In addition, by the spring of foreign claims against U. Just as gold losses in to did not force the United States to devalue, had they occurred in to in response to a hypothetical monetary expansion, they also would not have done so. In August , at the start of the Great Depression, the U. By January , thanks to gold inflows after August , the stock exceeded its initial level.
Thereafter, demand for gold coin and certificates soared, reflecting domestic fear of devaluation and speculative purchases of sterling, as the incoming Roosevelt administration raised doubts about its commitment to the existing gold parity. Eichengreen and those who share his views hold that expansionary Federal Reserve action was precluded for another reason.
Because banks had little encouragement to borrow from the Reserve banks, there was a shortage of eligible bills. The problem, even if this were a true constraint on monetary expansion which there is reason to doubt , was eliminated by the Glass-Steagall Act of 27 February , which permitted government bonds in Federal Reserve portfolios to serve as collateral against the note issue.
In any event, if the condition existed, it did so only during the five months from October through February Not only the U. Despite my reservations about some of the positions Eichengreen takes on historical and current monetary regimes, he has performed a useful service by providing a succinct characterization of the varieties of international monetary regimes that countries have adopted in recent decades in response to the rise of capital mobility.
Forces undermining capital controls overwhelmed efforts of governments to manage their currencies. The book traces the evolution of preferences for different kinds of exchange-rate arrangements by countries against the background of swings in the behavior of their exchange rates.
For the United States and Japan the shift toward flexible exchange rates since appears sustainable, and it will likely lead smaller countries in the Western Hemisphere and Asia to tie their currencies to that of their larger neighbor.
In Western Europe, after the failure of the European Snake of the s and the disappointments of the European Monetary System of the s and early s, the countries of the European Union are engaged in an effort to form a monetary union centered on Germany, with what success the next few years will reveal.
LDCs have tried to reduce high inflation rates by unilaterally pegging the nominal exchange rate as a nominal anchor in a stabilization program.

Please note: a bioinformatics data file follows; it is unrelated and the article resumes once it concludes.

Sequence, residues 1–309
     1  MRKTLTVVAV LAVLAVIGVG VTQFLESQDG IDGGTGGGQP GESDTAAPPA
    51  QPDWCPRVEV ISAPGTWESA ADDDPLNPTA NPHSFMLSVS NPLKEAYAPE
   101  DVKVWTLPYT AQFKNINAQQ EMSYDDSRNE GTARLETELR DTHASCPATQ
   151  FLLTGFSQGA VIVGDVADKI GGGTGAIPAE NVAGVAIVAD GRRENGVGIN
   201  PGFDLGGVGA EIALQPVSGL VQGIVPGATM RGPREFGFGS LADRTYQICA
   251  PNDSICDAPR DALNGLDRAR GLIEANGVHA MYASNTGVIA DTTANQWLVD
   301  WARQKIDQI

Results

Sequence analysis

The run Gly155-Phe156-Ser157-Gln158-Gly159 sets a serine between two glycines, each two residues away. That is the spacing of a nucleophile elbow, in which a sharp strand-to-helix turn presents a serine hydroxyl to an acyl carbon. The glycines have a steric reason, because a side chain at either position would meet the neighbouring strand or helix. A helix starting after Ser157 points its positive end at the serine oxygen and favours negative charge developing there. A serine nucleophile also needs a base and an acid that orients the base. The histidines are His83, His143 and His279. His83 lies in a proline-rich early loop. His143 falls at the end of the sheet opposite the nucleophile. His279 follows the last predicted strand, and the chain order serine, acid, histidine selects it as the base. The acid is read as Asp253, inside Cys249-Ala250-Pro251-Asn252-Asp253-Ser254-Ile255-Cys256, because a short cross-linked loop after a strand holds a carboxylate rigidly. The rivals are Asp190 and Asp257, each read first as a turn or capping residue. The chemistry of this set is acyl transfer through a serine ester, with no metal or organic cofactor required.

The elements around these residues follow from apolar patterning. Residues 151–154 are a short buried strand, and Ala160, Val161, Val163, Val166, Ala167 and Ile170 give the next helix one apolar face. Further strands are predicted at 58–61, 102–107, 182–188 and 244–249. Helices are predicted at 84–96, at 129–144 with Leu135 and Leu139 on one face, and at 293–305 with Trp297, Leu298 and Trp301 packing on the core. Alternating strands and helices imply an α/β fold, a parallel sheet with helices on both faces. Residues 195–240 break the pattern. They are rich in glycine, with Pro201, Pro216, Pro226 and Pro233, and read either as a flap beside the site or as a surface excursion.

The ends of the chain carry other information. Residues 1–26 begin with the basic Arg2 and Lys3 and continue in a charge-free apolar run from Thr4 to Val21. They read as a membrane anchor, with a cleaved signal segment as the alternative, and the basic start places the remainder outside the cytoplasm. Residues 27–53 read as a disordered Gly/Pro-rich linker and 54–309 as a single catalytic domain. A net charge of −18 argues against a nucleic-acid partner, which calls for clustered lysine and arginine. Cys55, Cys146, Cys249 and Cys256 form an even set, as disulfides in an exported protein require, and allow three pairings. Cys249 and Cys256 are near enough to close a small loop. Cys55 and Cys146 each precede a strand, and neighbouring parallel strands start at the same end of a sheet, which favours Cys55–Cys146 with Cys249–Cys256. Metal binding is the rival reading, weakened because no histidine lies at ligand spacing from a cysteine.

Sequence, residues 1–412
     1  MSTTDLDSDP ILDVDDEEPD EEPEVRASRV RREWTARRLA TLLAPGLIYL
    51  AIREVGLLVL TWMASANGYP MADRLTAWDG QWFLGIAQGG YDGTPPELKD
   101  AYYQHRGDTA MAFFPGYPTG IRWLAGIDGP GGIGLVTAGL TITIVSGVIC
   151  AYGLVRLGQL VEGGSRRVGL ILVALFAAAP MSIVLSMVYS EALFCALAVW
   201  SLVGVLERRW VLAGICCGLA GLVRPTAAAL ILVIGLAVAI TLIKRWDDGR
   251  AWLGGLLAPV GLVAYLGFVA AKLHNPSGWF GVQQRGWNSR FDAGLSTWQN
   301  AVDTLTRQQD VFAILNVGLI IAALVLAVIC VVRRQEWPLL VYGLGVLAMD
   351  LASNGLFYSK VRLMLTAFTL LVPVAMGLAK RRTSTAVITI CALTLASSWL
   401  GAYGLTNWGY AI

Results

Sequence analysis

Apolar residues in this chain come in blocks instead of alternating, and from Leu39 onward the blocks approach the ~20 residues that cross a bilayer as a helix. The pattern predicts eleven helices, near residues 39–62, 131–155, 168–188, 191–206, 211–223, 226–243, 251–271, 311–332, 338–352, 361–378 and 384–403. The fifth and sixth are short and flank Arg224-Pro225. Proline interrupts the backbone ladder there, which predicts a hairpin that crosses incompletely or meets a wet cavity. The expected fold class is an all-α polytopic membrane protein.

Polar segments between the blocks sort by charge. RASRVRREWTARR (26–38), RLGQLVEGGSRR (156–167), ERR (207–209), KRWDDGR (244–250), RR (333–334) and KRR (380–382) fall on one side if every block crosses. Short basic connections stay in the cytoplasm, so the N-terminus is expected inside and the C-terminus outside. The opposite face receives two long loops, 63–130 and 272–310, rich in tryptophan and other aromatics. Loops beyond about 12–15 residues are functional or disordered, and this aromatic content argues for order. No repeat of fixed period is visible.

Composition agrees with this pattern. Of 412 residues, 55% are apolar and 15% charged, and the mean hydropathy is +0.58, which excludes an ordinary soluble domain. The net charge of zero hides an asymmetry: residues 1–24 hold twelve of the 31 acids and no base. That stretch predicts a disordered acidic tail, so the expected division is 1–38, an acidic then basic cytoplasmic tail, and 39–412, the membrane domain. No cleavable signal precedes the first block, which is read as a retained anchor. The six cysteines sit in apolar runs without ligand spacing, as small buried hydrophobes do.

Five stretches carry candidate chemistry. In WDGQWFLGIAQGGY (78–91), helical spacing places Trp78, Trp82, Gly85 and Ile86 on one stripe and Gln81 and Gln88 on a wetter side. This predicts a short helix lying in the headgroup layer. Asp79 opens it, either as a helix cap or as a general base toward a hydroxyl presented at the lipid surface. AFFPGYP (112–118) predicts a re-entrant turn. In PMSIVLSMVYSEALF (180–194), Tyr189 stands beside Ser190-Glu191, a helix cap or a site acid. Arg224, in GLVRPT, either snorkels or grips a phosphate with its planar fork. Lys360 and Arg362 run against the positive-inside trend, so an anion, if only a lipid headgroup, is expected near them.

Some small open economies have tried a currency-board arrangement as an alternative. As Eichengreen concludes, to understand the present diversified international monetary system, one needs to appreciate its history. Hardcover Paperback. Anna J. Schwartz , National Bureau of Economic Research.
Globalizing Capital: A History of the International Monetary System
Barry J. Princeton: Princeton University Press, A generation later, the gold standard was not only tampered with, but largely dismantled. The ultimate failure of all such arrangements, as well as the abandonment of the international gold standard itself, has led Berkeley economist Barry Eichengreen to wonder whether any system of fixed, or at least relatively stable, exchange rates can survive in a world of democratic governments. Elaborating a thesis put forth by Karl Polanyi in , Eichengreen argues that modern democratic governments are bound to yield to pressures to pursue goals, such as the avoidance of cyclical unemployment, that conflict with the maintenance of fixed or pegged exchange rates. Monetary union was the quid pro quo. In some loose sense, of course, democratic pressures fueled the abandonment of the international gold standard and of later schemes for pegging exchange rates.
Eichengreen notes the association of exchange-rate behavior in each monetary regime with contemporaneous developments in world capital markets. Features of the gold standard era were the high level of international capital mobility and the freedom from controls of international financial transactions. The introduction of capital controls and a drastic decline in capital flows after marked the interwar period. The Bretton Woods era began with officially sanctioned capital controls. When the era ended, the controls had been eroded by the emergence of liquid international financial markets.
Barry Eichengreen. First published more than a decade ago, Globalizing Capital remains an indispensable part of the economic literature today. Written by renowned economist Barry Eichengreen, this classic book emphasizes the importance of the international monetary system for understanding the international economy. Brief and lucid, Globalizing Capital is intended not only for economists, but also a general audience of historians, political scientists, professionals in government and business, and anyone with a broad interest in international relations. This updated edition continues to document the effect of floating exchange rates and contains a new chapter on the Asian financial crisis, the advent of the euro, the future of the dollar, and related topics.